Multiunit records were obtained by using threshold detection on the high-pass channel to record time-stamped events. The threshold was set at ∼33% above the estimated noise level. This threshold was kept throughout the experiment that typically included sequential recordings from each tectum using the same electrode. Waveforms of the detected units were visually displayed and monitored during the experiments. On average, two to three distinct waveforms were seen, each of which exhibited a fixed amplitude and 2–3 msec duration. All units were postsynaptic because optic activity was eliminated before recording.
Pharmacology. All drugs were applied in a similar manner. Varying amounts of 10–40 mm stock solutions ofd,l-2-amino-5-phosphonovaleric acid (APV; Sigma) or β-hydrastine (BH; Research Biochemicals, Natick, MA) were added to BSS to give the desired final concentration in the range of 1–200 μm and then perfused over the tissue through the bath line. Drug effects were seen in vitro in as rapidly as 3 min indicating that the system provided good drug access to the tectal tissue. Effects were seen in vivo over a slightly longer time course, on the order of 5–10 min. To facilitate drug penetrationin vivo, a low concentration of dimethylsulfoxide (DMSO) was added to the drug-containing BSS (100 μl of DMSO per 50 ml of BSS or 0.2%). Drugs were washed out with normal BSS.
Analysis. Average multiunit rates in spikes per second were measured at multiple sites in both the normal and the regenerating tectum of each animal. Typically data were processed in 10 min blocks to produce two to three block averages for each position that were then inspected for alterations in the average rate. Any recording sites that showed large changes in the average rate between blocks were considered to be the result of unstable recordings and were not analyzed further. The blocks were then combined to yield an average rate for the given recording position, and the average rates from all positions were used to calculate the average rate for each tectum. The multiunit rates were normalized by dividing the rate calculated in the experimental tectum by the rate measured in the normal tectum from the same animal using the same electrode. A single ratio was calculated for each animal. The animals were grouped according to the time after optic nerve crush or after enucleation, and the ratios from all animals in each group were used to calculate the average for the group. Significance between the ratios from the groups was tested using a one-way ANOVA followed by ad hoc comparison of pairs using t tests with a Bonferroni correction. SNP rates were calculated in the same way using 10 min blocks to derive average rates for each recording position and then combining these rates to calculate an average SNP frequency for each tectum. Rates were compared using one-way ANOVA and then an ad hoct test between pairs.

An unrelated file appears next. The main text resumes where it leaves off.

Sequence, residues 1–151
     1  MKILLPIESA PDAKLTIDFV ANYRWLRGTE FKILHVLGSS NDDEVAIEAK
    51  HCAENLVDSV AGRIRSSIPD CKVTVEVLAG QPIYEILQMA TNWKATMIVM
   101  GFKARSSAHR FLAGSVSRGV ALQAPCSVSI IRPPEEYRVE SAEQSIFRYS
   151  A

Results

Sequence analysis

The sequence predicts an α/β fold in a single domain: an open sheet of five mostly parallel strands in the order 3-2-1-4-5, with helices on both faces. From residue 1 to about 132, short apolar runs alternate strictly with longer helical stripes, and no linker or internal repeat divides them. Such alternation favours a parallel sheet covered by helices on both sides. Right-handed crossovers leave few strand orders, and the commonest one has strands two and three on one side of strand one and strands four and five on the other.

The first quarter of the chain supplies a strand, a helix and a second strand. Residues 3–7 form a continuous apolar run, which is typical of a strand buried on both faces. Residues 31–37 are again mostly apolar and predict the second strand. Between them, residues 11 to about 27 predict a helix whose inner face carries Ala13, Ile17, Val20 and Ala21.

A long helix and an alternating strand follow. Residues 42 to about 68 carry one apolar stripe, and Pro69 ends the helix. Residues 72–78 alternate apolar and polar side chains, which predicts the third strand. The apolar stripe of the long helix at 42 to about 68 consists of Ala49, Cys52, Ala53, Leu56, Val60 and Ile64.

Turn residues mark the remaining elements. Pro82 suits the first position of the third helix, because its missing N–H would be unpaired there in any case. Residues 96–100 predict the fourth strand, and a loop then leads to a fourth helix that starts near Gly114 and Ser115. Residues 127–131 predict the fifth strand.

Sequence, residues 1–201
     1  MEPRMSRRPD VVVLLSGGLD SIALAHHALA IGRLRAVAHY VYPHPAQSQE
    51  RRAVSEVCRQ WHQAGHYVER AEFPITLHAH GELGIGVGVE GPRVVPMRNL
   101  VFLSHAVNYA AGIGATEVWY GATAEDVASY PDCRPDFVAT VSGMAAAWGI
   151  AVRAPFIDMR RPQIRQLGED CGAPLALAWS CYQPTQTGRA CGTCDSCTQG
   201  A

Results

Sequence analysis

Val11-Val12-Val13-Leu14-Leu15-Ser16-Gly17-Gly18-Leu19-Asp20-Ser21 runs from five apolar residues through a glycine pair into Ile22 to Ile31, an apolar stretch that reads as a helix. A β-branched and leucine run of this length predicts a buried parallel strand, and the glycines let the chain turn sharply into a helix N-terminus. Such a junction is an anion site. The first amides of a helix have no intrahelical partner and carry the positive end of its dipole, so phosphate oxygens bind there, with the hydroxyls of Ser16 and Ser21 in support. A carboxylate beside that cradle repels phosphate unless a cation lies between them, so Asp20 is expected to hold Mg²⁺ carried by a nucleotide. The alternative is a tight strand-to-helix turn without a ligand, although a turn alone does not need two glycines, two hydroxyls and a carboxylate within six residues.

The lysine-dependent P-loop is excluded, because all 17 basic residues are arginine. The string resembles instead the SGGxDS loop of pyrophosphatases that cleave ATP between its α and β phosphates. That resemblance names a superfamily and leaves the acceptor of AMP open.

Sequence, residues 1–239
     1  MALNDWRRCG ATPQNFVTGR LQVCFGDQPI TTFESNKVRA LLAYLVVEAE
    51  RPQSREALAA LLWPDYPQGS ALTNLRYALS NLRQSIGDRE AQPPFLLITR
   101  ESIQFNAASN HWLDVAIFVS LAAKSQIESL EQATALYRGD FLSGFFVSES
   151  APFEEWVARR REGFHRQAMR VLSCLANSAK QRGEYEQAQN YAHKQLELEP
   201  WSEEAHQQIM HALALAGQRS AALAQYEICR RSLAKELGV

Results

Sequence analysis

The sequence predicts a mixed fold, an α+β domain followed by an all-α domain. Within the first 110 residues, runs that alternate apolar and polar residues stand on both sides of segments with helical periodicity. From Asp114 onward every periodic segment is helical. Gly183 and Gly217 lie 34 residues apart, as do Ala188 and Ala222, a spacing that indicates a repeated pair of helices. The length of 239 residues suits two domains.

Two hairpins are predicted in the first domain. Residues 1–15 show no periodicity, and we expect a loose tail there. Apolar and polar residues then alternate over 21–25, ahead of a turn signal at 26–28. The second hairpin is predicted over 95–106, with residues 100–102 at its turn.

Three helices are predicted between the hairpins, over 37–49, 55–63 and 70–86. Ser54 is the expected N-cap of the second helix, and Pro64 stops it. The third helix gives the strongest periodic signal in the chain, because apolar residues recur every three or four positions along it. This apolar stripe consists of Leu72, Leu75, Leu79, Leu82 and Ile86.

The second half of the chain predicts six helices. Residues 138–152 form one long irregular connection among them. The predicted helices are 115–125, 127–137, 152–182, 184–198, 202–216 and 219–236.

Amplitudes of SNPs were measured off-line using the DataWave analysis software. SNPs were recorded so that the peak of the SNP typically occurred in the center of a 120-msec-long record. Cursors were used to define the central portion of the records in which to measure the maximal negative potential from baseline. These measures were written to a text file that was then imported into spreadsheet software for additional analysis and statistical comparison using one-way ANOVA andt test analyses. Area measures were not routinely made because the variability in the waveform required, for technical reasons, manually demarcating boundaries for measurement that introduced judgment into the measure. However, area measures were made in a subset of data from 16 regenerating fish. The area was found to have a correlation coefficient with a negative height of 0.64 indicating that they are related measures.
Cross-correlation analysis has been described in detail elsewhere (Perkel et al., 1967a,b; Kirkwood, 1979; Aertsen and Gerstein, 1985). Briefly, cross-correlation analysis was performed on data in which simultaneous recordings of spontaneous multiunit activity and SNPs were made. SNP events were used as the reference events. The 300 msec period before and after each reference event was divided into 5 msec bins. For each bin, the spontaneous unit events or SNPs occurring at the same electrode or at a second electrode at some distance away were counted and then plotted as a histogram. The histograms were printed out and visually inspected for central peaks and valleys.